Patrick Moraz muses on days out in the 70s with Bob Moog and his synthesisers
On a spring afternoon in 1975, Swiss keyboard virtuoso Patrick Moraz found himself bounding through a field in upstate New York, carrying with him a synthesiser. Accompanying him on this unlikely outdoor jaunt, was the electronics pioneer Dr Robert A Moog.
“We used to have field trips around his laboratory in Buffalo,” explains Moraz. “And then one day, we decided to go and take some publicity pictures with the Micromoog.”
The model 2090 Micromoog was one of the latest innovations from Bob Moog and his team. The single oscillator, monophonic, monotimbral synthesiser had just debuted, with a suggested list price of $695. Adjusted for inflation, that works out to about £2,600 today, but in the 1970s the Micromoog still represented a low-cost alternative to the mighty Minimoog, which retailed for twice the price.
Patrick Moraz’s visit to New York marked the first time the two men had met and Moraz was immediately struck by Moog’s demeanour.
“I was with Yes at the time. That trip was before the second ‘Relayer’ tour, at the end of May. I stayed in Buffalo with my good friend Jean Ristori, who took the field trip picture. Bob was always very humble, extremely interested in the dialogue and the demands of the artist, and he was so open to suggestions. He was one of the few geniuses over the history of mankind.”
Moraz and Moog went on a few other photo shoots with the Micromoog, including an excursion to Niagara Falls. They wanted to go to the Canadian side “because it would make a better picture”, but were stopped by customs officials, wary of the strange device Moraz was carrying.
“We had to explain what we were doing,” Moraz says with a laugh, noting that the unit he and Moog used for the publicity shots was, in truth, a non-working model, lacking all of the internal components. “That way it was lighter to carry.”
Moraz encourages a closer look at the photo taken by Jean Ristori.
“I don’t know if you’ve noticed,” he says, “but Bob had a kind of cable that he’s holding, like I would be on a leash with the Micromoog! He wanted to make sure people understood that I was so attached to his instrument, whether it was the Micromoog, the Minimoog or – in the very, very near future – the Polymoog.”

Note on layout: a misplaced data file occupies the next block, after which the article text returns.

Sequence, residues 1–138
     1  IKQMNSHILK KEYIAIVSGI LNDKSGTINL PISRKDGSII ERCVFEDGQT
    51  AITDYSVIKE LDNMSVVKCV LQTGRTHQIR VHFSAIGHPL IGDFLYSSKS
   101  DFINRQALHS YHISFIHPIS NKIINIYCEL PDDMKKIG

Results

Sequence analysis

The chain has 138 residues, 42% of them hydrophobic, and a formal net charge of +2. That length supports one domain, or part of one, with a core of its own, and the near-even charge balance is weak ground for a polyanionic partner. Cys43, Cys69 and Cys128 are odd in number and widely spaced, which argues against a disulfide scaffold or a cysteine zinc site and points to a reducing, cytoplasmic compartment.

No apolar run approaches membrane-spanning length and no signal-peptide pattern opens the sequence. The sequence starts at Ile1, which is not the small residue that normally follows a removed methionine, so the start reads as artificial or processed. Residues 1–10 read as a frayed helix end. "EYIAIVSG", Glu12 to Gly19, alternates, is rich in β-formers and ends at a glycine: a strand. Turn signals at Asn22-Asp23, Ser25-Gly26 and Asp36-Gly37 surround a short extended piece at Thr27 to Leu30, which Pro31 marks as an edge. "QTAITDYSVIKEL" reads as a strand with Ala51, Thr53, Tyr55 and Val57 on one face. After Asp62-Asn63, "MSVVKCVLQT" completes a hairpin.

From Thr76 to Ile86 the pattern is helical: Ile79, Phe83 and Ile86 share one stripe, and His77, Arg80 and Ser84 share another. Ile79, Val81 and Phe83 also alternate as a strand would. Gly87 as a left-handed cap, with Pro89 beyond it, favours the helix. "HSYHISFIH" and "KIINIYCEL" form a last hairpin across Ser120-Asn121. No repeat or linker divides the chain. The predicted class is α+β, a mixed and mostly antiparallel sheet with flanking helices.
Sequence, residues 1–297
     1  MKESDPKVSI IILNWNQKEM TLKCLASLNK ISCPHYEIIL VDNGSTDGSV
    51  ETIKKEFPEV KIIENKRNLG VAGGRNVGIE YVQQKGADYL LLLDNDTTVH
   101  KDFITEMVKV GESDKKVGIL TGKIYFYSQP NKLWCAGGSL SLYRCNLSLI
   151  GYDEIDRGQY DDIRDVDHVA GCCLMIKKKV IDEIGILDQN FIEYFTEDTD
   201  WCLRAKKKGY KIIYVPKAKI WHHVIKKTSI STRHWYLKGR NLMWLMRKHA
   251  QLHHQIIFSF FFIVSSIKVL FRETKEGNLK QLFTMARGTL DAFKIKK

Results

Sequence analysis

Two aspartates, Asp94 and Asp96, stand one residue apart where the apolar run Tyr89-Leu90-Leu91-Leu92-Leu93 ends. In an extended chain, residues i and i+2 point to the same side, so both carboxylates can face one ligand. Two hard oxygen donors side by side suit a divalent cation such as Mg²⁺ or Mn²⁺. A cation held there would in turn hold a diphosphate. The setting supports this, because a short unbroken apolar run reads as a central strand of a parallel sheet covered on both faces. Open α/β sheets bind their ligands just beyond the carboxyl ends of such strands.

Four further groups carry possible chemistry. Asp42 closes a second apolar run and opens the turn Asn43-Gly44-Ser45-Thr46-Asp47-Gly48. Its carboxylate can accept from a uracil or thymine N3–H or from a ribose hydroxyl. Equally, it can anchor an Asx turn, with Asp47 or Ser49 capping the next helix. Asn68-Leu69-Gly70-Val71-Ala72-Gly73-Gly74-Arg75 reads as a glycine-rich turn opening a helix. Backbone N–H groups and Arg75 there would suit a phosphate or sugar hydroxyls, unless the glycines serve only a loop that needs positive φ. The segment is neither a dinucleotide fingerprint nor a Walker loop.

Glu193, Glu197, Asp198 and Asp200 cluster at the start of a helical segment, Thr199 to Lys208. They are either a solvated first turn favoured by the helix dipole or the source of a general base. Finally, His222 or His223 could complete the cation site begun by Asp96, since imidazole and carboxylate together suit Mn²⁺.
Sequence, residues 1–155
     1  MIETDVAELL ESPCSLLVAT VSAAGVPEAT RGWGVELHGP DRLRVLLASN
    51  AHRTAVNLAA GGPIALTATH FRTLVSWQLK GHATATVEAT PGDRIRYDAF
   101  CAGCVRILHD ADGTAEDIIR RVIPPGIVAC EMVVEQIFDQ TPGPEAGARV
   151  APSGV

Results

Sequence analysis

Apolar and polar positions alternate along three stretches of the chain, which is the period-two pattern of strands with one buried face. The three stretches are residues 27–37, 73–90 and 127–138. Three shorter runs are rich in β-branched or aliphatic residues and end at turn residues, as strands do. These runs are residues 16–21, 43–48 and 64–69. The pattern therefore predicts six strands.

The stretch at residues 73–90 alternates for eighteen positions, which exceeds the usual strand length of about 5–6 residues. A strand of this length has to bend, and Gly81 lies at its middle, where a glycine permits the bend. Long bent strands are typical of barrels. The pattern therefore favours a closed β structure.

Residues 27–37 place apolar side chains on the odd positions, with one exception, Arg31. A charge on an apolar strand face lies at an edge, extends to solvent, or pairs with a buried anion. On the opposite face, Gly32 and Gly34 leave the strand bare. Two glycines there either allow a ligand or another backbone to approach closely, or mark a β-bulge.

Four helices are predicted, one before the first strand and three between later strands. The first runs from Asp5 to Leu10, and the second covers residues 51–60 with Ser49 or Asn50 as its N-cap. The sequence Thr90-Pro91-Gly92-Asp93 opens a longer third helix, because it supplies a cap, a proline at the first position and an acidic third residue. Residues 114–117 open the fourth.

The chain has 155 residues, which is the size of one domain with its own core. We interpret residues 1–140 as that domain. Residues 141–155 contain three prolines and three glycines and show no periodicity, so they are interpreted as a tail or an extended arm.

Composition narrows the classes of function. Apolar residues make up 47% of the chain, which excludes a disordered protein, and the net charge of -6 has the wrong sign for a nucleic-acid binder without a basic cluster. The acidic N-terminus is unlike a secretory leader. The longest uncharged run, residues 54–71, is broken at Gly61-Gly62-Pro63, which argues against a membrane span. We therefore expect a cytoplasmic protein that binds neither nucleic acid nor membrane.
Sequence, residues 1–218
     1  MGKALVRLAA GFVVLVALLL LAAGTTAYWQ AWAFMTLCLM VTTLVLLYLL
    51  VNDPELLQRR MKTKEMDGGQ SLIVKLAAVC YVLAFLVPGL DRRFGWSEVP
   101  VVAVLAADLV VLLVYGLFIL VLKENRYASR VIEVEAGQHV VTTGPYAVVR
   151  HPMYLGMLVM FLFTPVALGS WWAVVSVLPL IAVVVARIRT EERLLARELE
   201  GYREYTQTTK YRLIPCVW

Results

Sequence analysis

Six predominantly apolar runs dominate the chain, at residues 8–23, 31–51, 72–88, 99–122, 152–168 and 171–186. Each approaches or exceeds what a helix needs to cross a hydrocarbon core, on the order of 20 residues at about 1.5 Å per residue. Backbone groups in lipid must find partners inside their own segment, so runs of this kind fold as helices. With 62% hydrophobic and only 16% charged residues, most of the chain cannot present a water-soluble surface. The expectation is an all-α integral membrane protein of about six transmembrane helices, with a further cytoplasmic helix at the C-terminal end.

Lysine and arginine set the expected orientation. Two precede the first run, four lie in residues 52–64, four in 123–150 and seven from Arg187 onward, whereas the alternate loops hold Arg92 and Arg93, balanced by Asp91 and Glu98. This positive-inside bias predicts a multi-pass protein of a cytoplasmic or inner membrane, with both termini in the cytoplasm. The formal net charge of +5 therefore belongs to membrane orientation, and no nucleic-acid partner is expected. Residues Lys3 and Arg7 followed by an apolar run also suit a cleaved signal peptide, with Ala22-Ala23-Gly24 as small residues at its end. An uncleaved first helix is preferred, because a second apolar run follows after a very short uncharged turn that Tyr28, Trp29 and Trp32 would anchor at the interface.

While in Buffalo, Moraz also spent a good amount of time at Moog’s lab and workshop.
“I was astonished at how a little place like that could create such wonderful instruments, at how diverse all the pieces were, and how Bob’s assistants assembled them,” he says. “It was almost like a finely-tuned garage, but with all kinds of parts that I had never really seen before. It was an amazing, amazing journey. He introduced me to his fellow workers. He showed me so many things, and I was absolutely convinced, especially with the Polymoog!”
The Polymoog represented another great leap forward from the mind of Moog. Up to that point, analogue synthesisers were limited, at least in one sense. Musicians could only play one note at a time. In practical terms, that helped explain why synth players like Rick Wakeman – Moraz’s predecessor in Yes – had so many keyboards onstage. But the Polymoog was a fully polyphonic instrument that also featured a bank of preset sounds.
Moraz went on to explore the capabilities of the Polymoog on his 1976 debut solo album, ‘The Story Of I’, and Bob Moog would be a key figure in the creation of that record. Work on ‘The Story Of I’ began in Rio de Janeiro, Brazil, where Moraz assembled a group of 16 percussionists.
“In three days in Rio, I recorded the percussion tracks for ‘The Story Of I’,” says Moraz, still beaming with pride at the resulting recordings.
Returning home to Switzerland, he aimed to continue work on the album. But he enlisted some help.
“I was able to invite Bob Moog and his first wife, Shirleigh, to Geneva for three weeks, and he helped me with the Polymoog during the recording. I composed most of the music on the spot there. I remember that for the opening sequence called ‘Impact’, I was explaining to Bob what I was hearing as sounds in my head. I had tested the Polymoog in Buffalo earlier on, but I didn’t know exactly how to use it in its best capacity.
“The curtain in the jungle opening and the rawwwr – he helped me create the possibility of doing those sounds. I was explaining how I would like these electronic movements and their frequencies, and Bob was able to help me with those. We had an extraordinary feeling of sonic empathy. Bob Moog was so unbelievably calm as well. We could really, really communicate together at the highest order of information transfer.”
Even though ‘The Story Of I’ is nominally a solo album, Moraz gives massive credit to Moog.
“Of course, Bob did not play any of the instruments,” he says. “And even if he didn’t stay for the four months it took to record it, the spirit of Bob Moog’s vision absolutely reigns over the whole work. He was always very creative, and he was always also open to the merging of the spirits. Bob’s legacy is universal.”
But it’s down-to-earth as well, a fact underscored by that photo of the field trip with his new friend.